Let me know which Josephine Saxton fictions–perhaps from much later in her career–resonate with you.
“The Wall” first appeared Science Fantasy, ed. Kyril Bonfiglioli (November 1965). You can read it online here. It also appeared in Saxton’s collection The Power of Time (1985), which is where I read it.
Which books/covers/authors intrigue you? Which have you read? Disliked? Enjoyed?
1. Japan Sinks!, Sakyo Komatsu (1973; trans. by Michael Gallagher, 1976)
From the back cover: “WORST DISASTER IN THE HISTORY OF THE WORLD!
A FISSURE in a wall–a land survey mysteriously out of true–a small island disappearing overnight–and one of the worst disaster in the history of the world is born. Only one man suspects the truth, but his theory is so unprecedented, his predications so horrifying that even his fellow scientists ignore him.
Then a series of devastating earthquakes strikes, and suddenly the authorities are prepared to listen. But time is short and as they frantically try to ward off the disaster the crust of the earth begins to shift…”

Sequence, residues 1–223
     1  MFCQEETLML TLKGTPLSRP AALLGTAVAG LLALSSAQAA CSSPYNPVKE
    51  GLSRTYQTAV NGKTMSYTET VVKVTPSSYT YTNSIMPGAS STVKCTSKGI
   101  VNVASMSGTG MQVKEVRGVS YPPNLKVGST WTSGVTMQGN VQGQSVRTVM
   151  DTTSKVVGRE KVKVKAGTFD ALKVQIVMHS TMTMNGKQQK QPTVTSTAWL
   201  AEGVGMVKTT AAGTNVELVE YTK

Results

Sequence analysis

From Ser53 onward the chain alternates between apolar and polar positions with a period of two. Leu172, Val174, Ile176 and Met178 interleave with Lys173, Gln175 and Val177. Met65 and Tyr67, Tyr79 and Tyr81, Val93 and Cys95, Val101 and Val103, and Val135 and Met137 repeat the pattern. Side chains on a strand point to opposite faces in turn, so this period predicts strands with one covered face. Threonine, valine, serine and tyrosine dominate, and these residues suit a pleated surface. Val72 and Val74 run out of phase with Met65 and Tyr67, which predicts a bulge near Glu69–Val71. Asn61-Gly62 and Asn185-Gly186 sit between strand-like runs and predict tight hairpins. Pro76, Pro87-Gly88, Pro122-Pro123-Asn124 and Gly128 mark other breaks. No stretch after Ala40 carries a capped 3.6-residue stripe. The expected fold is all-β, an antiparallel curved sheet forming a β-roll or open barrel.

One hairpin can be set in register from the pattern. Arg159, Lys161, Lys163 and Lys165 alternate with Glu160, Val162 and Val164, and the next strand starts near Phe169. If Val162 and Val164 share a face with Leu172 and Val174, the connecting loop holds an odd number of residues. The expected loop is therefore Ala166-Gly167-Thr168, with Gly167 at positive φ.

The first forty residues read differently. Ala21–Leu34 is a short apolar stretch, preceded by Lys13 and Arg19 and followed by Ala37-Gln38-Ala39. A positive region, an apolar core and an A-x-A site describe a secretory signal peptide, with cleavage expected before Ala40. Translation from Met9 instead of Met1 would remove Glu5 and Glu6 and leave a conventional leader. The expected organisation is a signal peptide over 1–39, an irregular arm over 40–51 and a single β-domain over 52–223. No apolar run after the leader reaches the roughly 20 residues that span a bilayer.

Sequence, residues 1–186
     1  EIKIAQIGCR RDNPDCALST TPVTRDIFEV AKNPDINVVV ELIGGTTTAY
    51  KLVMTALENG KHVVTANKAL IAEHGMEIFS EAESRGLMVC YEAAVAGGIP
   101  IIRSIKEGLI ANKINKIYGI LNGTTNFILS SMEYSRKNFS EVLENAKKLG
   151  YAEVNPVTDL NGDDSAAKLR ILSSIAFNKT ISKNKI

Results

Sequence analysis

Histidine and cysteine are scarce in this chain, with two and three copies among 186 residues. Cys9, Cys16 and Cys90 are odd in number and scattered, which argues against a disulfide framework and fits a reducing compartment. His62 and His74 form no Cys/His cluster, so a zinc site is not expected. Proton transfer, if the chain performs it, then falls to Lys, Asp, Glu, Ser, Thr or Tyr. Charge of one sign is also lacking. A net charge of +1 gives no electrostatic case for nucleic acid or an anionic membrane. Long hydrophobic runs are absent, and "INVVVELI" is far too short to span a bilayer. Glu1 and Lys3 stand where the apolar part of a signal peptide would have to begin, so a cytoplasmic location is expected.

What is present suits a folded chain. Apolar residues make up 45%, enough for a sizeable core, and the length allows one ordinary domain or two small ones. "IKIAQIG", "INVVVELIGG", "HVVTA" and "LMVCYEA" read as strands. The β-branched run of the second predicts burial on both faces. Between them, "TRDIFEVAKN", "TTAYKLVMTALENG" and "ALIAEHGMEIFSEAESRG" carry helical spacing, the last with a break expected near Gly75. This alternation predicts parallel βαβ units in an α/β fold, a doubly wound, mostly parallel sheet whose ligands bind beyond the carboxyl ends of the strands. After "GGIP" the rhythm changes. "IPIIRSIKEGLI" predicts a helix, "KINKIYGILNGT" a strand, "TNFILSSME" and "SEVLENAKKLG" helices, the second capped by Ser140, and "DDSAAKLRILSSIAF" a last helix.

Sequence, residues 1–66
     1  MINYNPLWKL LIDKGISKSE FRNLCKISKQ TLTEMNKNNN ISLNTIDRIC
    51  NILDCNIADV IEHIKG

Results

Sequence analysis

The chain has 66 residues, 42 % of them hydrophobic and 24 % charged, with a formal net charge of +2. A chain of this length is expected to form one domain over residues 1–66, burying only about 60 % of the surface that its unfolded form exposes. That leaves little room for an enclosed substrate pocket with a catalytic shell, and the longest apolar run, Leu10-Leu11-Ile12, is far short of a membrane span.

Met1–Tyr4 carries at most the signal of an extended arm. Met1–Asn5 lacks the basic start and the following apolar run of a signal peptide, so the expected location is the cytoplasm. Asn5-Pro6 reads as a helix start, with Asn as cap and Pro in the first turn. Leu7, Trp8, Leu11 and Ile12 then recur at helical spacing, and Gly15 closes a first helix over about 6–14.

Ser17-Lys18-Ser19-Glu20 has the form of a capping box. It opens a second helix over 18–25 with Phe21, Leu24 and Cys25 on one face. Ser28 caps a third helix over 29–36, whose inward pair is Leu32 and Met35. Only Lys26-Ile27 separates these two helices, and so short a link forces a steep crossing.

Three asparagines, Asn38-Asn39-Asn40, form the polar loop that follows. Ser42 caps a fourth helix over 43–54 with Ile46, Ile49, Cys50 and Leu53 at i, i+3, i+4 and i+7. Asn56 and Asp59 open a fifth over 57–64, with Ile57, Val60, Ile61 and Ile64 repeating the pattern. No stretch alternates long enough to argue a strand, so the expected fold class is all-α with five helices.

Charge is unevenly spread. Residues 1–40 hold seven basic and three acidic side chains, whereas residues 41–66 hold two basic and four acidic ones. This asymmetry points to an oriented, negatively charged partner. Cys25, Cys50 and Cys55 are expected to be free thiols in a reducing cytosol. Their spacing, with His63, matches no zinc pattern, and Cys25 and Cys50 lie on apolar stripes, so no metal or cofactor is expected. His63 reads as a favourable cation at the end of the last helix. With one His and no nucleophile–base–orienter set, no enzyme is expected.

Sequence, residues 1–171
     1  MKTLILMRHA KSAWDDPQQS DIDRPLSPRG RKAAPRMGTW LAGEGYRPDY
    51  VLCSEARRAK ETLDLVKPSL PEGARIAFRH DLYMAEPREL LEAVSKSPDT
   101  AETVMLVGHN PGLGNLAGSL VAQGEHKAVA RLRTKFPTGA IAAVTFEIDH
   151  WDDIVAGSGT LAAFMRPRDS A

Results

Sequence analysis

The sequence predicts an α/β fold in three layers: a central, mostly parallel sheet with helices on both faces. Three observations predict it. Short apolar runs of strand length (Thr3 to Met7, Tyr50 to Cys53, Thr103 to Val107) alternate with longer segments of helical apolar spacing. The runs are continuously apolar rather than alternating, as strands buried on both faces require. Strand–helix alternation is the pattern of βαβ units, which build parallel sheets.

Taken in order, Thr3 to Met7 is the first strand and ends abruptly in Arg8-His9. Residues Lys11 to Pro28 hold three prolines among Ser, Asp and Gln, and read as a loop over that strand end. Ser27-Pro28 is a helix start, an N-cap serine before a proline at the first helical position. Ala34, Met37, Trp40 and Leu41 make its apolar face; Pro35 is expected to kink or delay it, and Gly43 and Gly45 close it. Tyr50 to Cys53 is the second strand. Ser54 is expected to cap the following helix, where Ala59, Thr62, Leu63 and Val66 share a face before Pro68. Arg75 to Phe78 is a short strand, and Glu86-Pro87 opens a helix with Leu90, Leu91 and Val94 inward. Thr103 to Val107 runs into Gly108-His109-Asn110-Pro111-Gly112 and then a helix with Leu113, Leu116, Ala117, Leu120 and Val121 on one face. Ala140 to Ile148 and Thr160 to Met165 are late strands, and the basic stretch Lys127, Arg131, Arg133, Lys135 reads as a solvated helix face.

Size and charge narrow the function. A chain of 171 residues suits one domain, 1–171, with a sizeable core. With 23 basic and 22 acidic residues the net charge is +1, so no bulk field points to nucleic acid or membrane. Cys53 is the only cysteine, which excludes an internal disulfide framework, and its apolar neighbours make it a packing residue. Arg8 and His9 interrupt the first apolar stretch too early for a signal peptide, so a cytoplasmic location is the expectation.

2. Side 1 of an Ace Double. Suzette Haden Elgin’s The Communipaths is the first in her Coyote Jones sequence. I had mixed views on the third volume: At the Seventh Level (1972).
3. Side 2 of an Ace Double. Back in 2012 I reviewed Louis Trimble’s intriguing SF allegorical city tale The City Machine (1972). It was a competent work that, in the hands of a more polished writer, could have been so much more. Not sure what to expect from this one…. the zany nature of the blurb is off-putting.